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Golf Club and Clubmaking/Clubfitting terms (part 3)

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  • Golf Club and Clubmaking/Clubfitting terms (part 3)

    15. Bend profile. Every shaft has a different bend profile. Shafts do flex, this we know. But shafts are also designed for certain performance aspects. No two are the same even from the same manufacture. We have designated certain shafts into certain categories. For example; some shaft have stiffer but sections while other shafts has more flexible butt sections. The same can be said about shaft tip stiffness’s, some are weaker then others. The overall bend profile is what makes a certain shaft play the way it does. Just an no two golf shaft share the same bend profile, neither do golf swings, no two are alike. That being said, it is very difficult to determine which shaft is correct for which type of swing. Ah, we can “type” swings by generalizations as a beginning. For example, a golfer with a higher swing speed and a quicker tempo would be better suited to use a shaft with a stiffer bend profile verses a smooth swinger with a slower swing speed. The slower swinger can use a more flexible shaft with a softer bend profile. This is a discussion all on it’s own and we will get into this topic deeply in coming weeks. For now, a general description is good enough to suffice most.

    16. CPM. Ah the most abused acronym is the club building handbook. CPM stands for “cycles per minute”. Cycles per minute are arbitrary measurements of the movement of a shaft in a period of time. Typically the butt end of the shaft is clamped in a five inch long vise that applies equal pressure over the five inches of the shaft. A weight of known value is attached to the tip of the shaft to provide “movement” or flex. The shaft is oscillated in either a horizontal or vertical movement so the tip weight moves back and forth in a single plane. The amount of “movements” up and down are equal to the “cycles” in a one minute time period, thus CPM. The higher the CPM reading, the “stiffer” the shaft. Stiffer shafts have less flex so the period of time from going “down” to coming up is shorter (less distance traveled) so the shaft “cycles” much more often. CPM is only a starting point in determining overall shaft flex, there’s profiling and other means to determine overall shaft flex, again this is an advanced topic that we will discuss in at a later time.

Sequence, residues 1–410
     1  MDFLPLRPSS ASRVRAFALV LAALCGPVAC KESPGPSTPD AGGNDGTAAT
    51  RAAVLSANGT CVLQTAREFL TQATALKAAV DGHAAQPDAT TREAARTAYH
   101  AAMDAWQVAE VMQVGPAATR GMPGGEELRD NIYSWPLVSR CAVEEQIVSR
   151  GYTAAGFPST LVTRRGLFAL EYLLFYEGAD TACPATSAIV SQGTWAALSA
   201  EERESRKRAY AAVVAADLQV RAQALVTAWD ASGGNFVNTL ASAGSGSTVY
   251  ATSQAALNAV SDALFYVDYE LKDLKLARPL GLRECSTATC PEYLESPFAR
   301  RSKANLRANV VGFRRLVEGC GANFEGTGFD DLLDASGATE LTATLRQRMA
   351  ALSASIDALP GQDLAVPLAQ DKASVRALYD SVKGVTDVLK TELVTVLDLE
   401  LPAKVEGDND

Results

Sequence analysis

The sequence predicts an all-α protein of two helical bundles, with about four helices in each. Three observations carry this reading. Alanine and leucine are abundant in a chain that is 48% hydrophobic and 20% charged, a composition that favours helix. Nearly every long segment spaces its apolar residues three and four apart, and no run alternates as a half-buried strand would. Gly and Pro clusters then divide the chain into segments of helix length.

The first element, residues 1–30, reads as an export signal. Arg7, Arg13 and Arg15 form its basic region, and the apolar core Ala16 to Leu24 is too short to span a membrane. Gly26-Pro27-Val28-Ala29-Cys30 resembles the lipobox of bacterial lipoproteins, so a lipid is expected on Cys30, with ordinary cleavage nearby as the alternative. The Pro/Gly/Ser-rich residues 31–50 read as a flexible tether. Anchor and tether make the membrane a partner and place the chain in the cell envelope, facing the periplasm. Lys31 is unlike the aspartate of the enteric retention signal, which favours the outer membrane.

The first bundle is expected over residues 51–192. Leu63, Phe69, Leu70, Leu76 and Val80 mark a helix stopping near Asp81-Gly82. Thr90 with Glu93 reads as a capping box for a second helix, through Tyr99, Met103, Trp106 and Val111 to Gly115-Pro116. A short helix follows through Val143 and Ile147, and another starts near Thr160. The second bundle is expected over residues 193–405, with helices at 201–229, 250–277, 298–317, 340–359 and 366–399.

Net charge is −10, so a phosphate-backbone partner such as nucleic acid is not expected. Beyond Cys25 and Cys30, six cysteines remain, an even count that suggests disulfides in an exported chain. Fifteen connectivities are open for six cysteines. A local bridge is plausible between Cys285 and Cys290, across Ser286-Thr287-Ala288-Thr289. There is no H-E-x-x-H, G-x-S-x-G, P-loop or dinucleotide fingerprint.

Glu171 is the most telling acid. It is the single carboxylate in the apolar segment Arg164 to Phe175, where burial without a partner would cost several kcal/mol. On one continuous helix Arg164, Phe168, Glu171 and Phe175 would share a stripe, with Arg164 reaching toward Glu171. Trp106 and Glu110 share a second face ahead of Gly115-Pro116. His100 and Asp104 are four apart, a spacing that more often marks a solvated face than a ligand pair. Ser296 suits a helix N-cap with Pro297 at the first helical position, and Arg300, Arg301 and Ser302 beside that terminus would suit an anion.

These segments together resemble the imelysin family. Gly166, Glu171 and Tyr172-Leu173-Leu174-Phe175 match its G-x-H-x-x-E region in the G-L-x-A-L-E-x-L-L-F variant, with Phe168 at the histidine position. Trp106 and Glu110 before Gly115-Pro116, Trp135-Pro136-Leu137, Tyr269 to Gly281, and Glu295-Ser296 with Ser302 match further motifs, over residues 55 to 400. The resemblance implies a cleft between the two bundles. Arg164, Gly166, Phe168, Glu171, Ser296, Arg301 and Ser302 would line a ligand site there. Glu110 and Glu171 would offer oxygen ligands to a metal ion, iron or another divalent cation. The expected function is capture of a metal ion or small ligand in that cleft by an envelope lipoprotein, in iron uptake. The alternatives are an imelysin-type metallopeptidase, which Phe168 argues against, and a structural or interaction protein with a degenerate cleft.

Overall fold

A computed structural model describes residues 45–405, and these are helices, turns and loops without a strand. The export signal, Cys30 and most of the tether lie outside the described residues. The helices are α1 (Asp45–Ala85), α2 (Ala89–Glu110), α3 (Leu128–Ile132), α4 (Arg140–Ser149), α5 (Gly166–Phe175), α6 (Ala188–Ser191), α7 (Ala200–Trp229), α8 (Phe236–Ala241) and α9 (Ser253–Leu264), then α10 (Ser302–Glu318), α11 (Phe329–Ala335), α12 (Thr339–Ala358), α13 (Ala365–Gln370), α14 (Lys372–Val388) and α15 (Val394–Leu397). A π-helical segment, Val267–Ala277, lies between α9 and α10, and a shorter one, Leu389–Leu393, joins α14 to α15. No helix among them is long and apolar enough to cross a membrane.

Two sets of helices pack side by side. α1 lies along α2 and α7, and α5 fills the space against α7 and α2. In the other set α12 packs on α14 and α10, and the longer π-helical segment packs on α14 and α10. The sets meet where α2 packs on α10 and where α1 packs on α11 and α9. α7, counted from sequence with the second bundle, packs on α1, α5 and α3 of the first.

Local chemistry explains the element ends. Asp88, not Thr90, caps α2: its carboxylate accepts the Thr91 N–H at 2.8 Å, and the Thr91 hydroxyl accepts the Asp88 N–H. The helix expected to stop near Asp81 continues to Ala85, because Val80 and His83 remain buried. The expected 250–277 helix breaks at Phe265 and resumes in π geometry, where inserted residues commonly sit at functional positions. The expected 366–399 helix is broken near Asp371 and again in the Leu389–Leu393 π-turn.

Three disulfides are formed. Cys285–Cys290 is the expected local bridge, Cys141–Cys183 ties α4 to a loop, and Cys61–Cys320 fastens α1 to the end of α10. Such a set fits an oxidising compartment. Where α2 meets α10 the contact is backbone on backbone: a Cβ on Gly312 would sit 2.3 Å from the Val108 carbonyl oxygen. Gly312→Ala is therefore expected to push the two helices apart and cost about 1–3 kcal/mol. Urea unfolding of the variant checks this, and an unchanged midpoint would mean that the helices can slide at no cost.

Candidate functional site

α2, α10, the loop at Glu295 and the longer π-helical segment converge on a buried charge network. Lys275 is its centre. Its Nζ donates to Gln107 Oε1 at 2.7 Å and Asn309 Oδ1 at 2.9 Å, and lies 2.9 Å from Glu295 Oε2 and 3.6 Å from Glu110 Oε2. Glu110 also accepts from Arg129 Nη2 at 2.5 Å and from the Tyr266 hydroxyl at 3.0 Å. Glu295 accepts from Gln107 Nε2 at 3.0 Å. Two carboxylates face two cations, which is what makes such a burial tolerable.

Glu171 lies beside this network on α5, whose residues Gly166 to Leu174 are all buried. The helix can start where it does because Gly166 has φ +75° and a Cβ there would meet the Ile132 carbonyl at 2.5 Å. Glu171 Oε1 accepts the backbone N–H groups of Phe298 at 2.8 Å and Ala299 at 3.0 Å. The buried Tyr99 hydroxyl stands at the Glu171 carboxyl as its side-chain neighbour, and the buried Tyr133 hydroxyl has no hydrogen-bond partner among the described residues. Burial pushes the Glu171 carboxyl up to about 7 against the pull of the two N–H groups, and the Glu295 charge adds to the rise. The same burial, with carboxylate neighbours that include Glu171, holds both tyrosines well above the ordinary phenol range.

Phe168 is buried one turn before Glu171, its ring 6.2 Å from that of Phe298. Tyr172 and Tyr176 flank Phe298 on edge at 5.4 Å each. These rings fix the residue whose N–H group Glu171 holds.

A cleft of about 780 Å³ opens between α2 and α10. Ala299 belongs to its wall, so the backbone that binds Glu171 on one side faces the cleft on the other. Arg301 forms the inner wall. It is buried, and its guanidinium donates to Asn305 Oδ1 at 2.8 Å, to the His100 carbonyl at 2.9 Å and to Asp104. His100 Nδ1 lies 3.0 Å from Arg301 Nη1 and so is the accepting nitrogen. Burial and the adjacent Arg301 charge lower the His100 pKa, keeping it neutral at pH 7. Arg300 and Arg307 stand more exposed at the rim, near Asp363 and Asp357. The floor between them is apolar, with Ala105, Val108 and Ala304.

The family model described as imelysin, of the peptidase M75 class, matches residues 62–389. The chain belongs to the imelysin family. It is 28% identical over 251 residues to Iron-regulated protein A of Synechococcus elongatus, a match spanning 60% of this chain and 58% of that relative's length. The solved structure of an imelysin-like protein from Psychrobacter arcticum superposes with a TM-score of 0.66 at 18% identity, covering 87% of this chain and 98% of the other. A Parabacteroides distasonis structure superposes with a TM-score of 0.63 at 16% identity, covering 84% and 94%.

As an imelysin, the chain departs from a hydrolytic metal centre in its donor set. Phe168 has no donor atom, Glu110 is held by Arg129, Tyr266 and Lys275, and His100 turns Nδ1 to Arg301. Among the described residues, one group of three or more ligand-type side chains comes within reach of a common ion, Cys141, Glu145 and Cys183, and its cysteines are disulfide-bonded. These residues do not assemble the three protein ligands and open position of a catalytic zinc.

17. BBGM. This is an acronym that stands for “bottom bore ground measurement”. Every golf club has the shaft attached via some mechanism. Most club have a housel where the shaft is inserted and then glued together. There are three different housel types or “bores”. A standard bore in ~ 1.5” in depth with most of the bore exposed on the top of the club head. A blind bore is built down into the club head and bottoms out somewhere between the sole of the club and the top of the head. A through bore is one where the shaft goes completely though the head and is ground even with the sole of the club. BBGM is the measurement of the bottom of the bore to the sole of the club. For example; a Ping G2 club head has a 1.5” bore depth. From the bottom of the shaft bore to the sole of the club is equal to 1.5’ so the BBGM would be 1.5”. A though bore such as the Titleist 905 head has no BBGM, the TM R5TP has a 2” BBGM. The BBGM is significant because this lets us know how much weight is hanging off the end of the shaft. A shaft installed in a club head with no BBGM will play significantly stiffer then when installed in a head that has a 2”BBGM, it’s the additional weight of the head hanging on the end of the shaft that makes the difference in flex.